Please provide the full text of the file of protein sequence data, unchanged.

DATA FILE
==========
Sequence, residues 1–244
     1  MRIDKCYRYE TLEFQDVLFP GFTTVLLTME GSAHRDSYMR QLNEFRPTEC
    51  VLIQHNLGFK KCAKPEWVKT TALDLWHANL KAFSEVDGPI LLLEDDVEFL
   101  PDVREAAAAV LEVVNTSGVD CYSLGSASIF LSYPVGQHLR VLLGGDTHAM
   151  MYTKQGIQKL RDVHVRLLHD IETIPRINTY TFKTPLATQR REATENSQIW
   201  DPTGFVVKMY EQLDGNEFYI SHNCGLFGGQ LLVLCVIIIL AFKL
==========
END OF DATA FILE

Sequence, residues 1–244
     1  MRIDKCYRYE TLEFQDVLFP GFTTVLLTME GSAHRDSYMR QLNEFRPTEC
    51  VLIQHNLGFK KCAKPEWVKT TALDLWHANL KAFSEVDGPI LLLEDDVEFL
   101  PDVREAAAAV LEVVNTSGVD CYSLGSASIF LSYPVGQHLR VLLGGDTHAM
   151  MYTKQGIQKL RDVHVRLLHD IETIPRINTY TFKTPLATQR REATENSQIW
   201  DPTGFVVKMY EQLDGNEFYI SHNCGLFGGQ LLVLCVIIIL AFKL